There was also a sub-site at Loton Park, under the Alberbury medieval deer park, used for storage of both Incendiary ammunition and chemical weapons shells from 1943. This was one of two CW depots operated in co-operation with and guarded by the United States Army Air Forces, the second being in Shepton Mallet, Somerset.
Locomotives and train drivers were provided by the Royal Engineers, who also maintained the extensive network. Their main servicing depot for rolling stock was on the stub-junction of the former branchline to Criggion. After the closure of CAD Nesscliffe in 1959, the railway tracks were removed and the line closed in 1961.
On 11 April 1894 the CR agreed to build a 0.5-mile (0.80 km) deviation from the Llanfyllin branch to join the Nantmawr branch at Wern. This enabled the CR to access the Potts aqueduct under the canal, and hence stop use of the "Rock Siding" with immediate effect. The CR also agreed to junction the Potts on the level with the CR mainline north of Llanymynech station.
The Nantmawr branch reopened as a Cambrian subsidiary on 1 January 1896, and the deviation to the Llanfyllin branch followed on 27 January. The reconstruction at Llanymynech required the addition of new through platforms on the northeast side for access by the Potts. Trains to/from Llanfyllin had a cross over installed south of the station, enabling access to any platform.
A lease for 99 years followed on 12 April 1900, with the CR paying £555 a year: half itself, half from the Tanat Valley Light Railway which opened on 5 January 1904.
After signing the agreement, the CR completed a loopline by extending the junction with the Nantmawr branch line through the new Porth-wd station, connecting with the Porth-y-waen branch, and then reconnecting northwards with the mainline towards Oswestry at Llynclys Junction.
The "Rock Siding" continued to serve the kilns until their closure in 1914, after which it was used to store redundant wagons. The siding was removed in 1939.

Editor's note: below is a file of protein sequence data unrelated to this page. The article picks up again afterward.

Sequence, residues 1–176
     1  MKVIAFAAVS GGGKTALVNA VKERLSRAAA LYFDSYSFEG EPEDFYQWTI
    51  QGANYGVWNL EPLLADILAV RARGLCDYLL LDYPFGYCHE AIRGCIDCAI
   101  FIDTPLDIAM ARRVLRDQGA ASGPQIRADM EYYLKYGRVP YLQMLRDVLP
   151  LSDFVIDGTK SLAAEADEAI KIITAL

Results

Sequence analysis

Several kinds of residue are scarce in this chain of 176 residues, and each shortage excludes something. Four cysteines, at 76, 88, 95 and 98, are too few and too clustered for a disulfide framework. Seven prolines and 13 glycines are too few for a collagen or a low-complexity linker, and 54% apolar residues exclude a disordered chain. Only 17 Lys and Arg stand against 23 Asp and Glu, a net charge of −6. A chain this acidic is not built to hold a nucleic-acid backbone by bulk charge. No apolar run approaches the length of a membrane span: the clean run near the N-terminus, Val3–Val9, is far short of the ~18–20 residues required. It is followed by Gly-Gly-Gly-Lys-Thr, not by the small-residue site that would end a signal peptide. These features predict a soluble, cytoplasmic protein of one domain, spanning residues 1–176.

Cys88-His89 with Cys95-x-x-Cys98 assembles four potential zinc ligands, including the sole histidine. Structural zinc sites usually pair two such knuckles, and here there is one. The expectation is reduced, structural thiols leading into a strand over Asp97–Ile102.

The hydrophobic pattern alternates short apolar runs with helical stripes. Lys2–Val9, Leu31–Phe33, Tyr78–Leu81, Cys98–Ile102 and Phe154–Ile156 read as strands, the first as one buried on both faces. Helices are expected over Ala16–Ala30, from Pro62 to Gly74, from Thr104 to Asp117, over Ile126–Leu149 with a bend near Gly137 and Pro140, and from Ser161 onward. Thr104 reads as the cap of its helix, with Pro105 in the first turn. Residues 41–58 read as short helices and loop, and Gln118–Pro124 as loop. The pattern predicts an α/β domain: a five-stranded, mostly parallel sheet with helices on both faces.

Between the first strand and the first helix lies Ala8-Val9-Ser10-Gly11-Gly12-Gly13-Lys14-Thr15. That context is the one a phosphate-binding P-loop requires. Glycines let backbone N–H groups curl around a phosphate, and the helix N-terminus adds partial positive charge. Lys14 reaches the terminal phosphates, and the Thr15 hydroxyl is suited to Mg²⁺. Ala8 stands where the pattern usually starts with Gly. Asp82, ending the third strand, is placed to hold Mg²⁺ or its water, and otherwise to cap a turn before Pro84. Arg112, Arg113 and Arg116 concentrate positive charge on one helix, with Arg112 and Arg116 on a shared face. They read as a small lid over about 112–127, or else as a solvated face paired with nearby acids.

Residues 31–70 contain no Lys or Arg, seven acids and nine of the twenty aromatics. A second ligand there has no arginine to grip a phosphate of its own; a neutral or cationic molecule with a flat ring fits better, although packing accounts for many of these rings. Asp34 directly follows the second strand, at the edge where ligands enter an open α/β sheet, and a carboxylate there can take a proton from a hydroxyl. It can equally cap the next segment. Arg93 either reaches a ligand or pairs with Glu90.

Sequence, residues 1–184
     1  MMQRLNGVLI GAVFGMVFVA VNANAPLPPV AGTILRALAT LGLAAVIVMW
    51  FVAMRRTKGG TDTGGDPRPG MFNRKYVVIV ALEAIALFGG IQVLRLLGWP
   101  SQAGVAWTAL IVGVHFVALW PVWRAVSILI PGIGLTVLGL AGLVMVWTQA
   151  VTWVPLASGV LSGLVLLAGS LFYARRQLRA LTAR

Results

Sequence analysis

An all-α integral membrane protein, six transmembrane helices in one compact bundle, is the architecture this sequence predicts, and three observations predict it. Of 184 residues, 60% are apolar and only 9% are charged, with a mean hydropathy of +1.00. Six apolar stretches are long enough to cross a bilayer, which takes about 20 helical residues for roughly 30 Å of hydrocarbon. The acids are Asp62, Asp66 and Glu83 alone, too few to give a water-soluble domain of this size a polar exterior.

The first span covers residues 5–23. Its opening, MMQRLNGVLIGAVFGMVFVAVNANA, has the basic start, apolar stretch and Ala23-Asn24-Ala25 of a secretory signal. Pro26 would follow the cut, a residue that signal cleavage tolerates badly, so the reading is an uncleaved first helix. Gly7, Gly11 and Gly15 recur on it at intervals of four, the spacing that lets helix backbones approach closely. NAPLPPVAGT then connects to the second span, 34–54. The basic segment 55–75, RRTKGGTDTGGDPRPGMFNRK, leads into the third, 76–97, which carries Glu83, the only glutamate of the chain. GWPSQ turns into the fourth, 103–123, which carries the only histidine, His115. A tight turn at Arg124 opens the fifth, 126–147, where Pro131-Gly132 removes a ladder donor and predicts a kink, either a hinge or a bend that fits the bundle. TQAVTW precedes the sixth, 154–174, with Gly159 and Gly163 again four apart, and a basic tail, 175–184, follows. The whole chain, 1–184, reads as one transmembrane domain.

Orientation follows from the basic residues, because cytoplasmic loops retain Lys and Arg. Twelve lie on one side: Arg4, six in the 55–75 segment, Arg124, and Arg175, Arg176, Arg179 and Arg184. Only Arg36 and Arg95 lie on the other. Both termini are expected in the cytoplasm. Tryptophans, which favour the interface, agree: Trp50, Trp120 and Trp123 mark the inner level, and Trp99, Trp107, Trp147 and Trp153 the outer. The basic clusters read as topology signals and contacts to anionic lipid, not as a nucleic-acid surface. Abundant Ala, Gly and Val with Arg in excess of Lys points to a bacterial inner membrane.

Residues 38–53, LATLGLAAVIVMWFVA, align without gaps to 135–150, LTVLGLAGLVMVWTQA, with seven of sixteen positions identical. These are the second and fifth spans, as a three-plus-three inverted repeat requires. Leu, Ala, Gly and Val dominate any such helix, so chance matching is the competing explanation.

There were two signal boxes for Llanymynech, one immediately to the north, and one on the loopline junction south of the station, where the CR mainline became single track to Welshpool, just before crossing the River Vyrnwy.
As part of the agreement for the Potts deviation, the GWR rebuilt the northern signal box in 1895. There were two road bridges north of Llanymynech, making visibility of trains approaching from Oswestry potentially difficult from a standard height signal box. They hence built a customised signal box with a floor height of just 8 feet 2 inches (2.49 m) above rail level, enabling a signal man of average height to see the complete station view.
The station was allocated and operated by the Great Western Railway from the implementation of the Railways Act 1921, and kept under their successor company on nationalisation in 1946 under British Railways.
In 1963, the former CR mainline was reallocated to become part of the London Midland Region. In the review under the Beeching Axe the Cambrian Railway mainline was decreed surplus to demands against the faster and more utilised Shrewsbury and Hereford Railway, and hence was scheduled for closure as part of the Beeching Axe. On 18 January 1965, passenger services from Welshpool to Whitchurch (Shropshire) finished, and the line closed.
Freight services continued to run on the Gobowen, Oswestry to Llynclys Junction section until 1988, to access the Llanyblodwel quarry on the Nantmawr branch.
The station was demolished soon after the railway tracks were removed, relaid under tarmac as a heavy goods vehicle carpark, the abandoned state in which it remains today.
The single line, which allowed stone trains to run from Gobowen to Llanyblodwel until 1988, remains in place. It, together with a section south of Llynclys is part of an ambitious plan by the Cambrian Heritage Railways to restore services from Gobowen to the new Penygarreg Lane Halt, and at some point ownards to Welshpool.
However, between Pant and Llanymynech, sections of both the railway trackbed and canal have been sold-off for both commercial and residential development, making reconnection of Llanymynech station both difficult and expensive.
However Llanymynech could one day be the future main terminus of the nearby heritage Tanat Valley Railway whilst CHR concentrate between Pant & Gobowen.